Great Smoky Mountain Railroad?

Has anyone ridden this tourist line?

I think we're going to be in the area in late November or early December and are looking for something railroad related to do. I think we'll also visit the Biltmore Estate and we'll be able to spend 2 days in the area.

Any other suggestions?


Thanks for any help.
Original Post
The GMSR is owned and operated by the same folk that run the Durango and Silverton. Steam locomotve 1722 is down but there where talks bout them buying another Steam locomotive to fill in.
I took the trip from Bryson City to Dillsboro and had a hour and a half layover there. The trip is nice with most of it hugging the banks of the Tuckasegee River. You can also vist the Smoky Mountain Train Musuem in Bryson City. They have a large collection of Lionel Trains on display plus a large O scale operating layout.

S.R.Sean SOUTHERN GIVES A GREEN LIGHT TO INNOVATIONS

quote:
Originally posted by Pat Marinari:
Has anyone ridden this tourist line?

I think we're going to be in the area in late November or early December and are looking for something railroad related to do. I think we'll also visit the Biltmore Estate and we'll be able to spend 2 days in the area.

Any other suggestions?


Thanks for any help.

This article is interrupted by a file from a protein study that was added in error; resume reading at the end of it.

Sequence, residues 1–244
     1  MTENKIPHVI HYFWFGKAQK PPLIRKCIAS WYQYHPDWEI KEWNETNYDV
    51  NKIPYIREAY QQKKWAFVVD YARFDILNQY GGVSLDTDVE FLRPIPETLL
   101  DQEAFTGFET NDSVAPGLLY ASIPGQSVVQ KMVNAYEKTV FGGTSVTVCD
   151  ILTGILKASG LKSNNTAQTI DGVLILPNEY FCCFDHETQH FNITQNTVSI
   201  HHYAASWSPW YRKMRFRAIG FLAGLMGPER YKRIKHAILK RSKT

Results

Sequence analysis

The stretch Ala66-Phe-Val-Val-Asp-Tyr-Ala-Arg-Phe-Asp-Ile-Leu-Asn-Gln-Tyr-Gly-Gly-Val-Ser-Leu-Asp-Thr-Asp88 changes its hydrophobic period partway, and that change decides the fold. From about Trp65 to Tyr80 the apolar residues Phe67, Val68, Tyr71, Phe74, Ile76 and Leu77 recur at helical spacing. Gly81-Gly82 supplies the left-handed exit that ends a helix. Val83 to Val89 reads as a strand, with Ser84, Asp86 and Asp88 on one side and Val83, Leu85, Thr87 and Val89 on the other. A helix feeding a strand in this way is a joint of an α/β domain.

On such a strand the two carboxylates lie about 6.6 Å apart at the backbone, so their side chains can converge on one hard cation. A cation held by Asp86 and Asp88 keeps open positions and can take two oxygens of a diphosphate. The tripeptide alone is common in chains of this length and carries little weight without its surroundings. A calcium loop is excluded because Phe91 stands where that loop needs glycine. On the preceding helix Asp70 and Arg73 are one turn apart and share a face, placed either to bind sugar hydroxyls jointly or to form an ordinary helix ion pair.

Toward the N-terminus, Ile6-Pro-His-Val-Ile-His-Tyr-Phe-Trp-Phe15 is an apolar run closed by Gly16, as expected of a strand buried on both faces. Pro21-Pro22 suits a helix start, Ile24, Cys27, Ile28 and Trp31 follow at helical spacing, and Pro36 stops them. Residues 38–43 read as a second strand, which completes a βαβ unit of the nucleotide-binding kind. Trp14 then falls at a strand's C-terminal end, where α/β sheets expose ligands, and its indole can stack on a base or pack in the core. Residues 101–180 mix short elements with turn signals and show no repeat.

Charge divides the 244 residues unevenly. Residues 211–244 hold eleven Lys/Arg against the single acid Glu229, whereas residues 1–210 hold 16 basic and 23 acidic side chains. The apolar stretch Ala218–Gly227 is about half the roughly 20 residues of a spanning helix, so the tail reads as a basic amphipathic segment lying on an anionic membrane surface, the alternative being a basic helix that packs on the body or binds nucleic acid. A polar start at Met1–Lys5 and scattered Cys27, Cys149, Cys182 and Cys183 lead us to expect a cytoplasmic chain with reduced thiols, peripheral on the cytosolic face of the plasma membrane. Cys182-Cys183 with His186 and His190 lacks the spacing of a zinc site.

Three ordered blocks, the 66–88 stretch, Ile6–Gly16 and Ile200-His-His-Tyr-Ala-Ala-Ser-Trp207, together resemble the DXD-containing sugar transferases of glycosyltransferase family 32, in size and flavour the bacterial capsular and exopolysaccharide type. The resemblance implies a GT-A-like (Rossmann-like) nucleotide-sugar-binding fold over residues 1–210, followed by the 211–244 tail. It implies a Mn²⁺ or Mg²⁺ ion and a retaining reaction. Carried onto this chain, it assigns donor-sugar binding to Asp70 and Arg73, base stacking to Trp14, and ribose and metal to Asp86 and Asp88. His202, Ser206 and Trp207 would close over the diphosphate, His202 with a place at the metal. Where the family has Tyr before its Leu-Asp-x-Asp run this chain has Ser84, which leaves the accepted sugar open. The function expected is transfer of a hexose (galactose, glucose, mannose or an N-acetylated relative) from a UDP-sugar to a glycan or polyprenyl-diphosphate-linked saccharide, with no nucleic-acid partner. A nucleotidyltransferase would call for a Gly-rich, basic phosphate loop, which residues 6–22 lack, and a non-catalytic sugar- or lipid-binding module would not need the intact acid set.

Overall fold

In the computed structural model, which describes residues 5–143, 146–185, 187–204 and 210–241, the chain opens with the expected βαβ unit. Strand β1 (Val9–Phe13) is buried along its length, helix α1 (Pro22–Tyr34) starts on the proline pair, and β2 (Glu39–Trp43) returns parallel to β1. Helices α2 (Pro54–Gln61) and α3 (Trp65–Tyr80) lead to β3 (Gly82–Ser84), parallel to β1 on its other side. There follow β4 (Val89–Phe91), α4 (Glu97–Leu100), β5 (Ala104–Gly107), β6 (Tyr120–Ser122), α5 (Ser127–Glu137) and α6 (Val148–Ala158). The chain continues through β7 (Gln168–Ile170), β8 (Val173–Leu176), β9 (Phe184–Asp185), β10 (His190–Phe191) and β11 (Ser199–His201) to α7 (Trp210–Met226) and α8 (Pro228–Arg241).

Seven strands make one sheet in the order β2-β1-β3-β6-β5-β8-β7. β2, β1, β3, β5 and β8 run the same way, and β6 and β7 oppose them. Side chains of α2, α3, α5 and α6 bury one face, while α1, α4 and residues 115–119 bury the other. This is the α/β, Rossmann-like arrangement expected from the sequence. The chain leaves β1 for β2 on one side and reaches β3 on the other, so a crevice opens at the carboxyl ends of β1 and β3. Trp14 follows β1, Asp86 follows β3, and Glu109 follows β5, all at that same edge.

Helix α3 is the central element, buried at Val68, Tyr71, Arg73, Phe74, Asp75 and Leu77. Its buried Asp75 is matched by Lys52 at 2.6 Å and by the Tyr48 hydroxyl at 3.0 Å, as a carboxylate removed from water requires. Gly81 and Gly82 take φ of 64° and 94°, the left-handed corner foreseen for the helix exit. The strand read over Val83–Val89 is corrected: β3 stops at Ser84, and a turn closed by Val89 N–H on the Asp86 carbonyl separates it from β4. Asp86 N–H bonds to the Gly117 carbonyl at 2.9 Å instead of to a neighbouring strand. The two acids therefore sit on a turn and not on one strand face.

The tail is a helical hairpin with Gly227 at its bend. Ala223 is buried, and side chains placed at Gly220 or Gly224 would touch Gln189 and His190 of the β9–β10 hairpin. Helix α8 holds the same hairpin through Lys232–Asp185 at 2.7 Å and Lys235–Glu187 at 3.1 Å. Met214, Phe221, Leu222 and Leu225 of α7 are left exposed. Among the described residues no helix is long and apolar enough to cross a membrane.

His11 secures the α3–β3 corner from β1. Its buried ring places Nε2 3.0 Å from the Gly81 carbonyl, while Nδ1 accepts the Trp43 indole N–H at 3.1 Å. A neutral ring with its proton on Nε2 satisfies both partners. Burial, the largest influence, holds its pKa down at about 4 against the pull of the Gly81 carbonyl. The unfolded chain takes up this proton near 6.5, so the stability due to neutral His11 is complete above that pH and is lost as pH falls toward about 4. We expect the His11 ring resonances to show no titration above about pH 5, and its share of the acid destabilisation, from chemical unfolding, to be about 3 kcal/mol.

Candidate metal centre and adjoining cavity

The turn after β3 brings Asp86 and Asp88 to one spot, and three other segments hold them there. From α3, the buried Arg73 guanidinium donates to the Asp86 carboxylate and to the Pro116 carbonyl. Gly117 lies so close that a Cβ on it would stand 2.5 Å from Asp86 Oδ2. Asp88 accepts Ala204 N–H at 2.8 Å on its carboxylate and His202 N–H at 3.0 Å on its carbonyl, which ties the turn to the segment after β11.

I did 18 years ago. Really can't say how it is today.
Pat

I've speedered the entire line, very nice the south end is really nice hunging the river and the stone tunnels. Ride the open car for that. If the fall folliage is there it will be even better.

You know the Fugative was filmed there. The loco is still laying in the ditch.

Jamie
Pat,
I haven't been there recently, but spent a lot of time about ten years ago when the steam engine was running.

The Bryson City to Nantahala trip is by FAR the more scenic trip of the two they are currently operating. After climbing the grade out of Bryson City, the railroad follows and crosses Fontana Lake until it gets to the Nantahala Outdoor Center, then runs beside the river through the gorge. It was great with steam working upgrade through the gorge, but even with diesel, the scenery on that part of the line is spectacular.

The Dillsboro excursion has Cowee Tunnel and passes the Fugitive wreck site, but is more open valleys between the mountains as opposed to the Nantahala trip cutting through the mountains.

Either way, there is some beautiful scenery up there.
Kevin
When we rode the SMSRR seven years ago,the steam loco was being used on the shorter trips and Diesels on the long one.We took the long trip and my wife even enjoyed it.I don't remember the exact mopnth we were there but it was spring.The train had some singers and story tellers, who were very enjoyable.

If you are a Lionel fan,the museum is worth the time.I remember a nicely detailed layout.

roger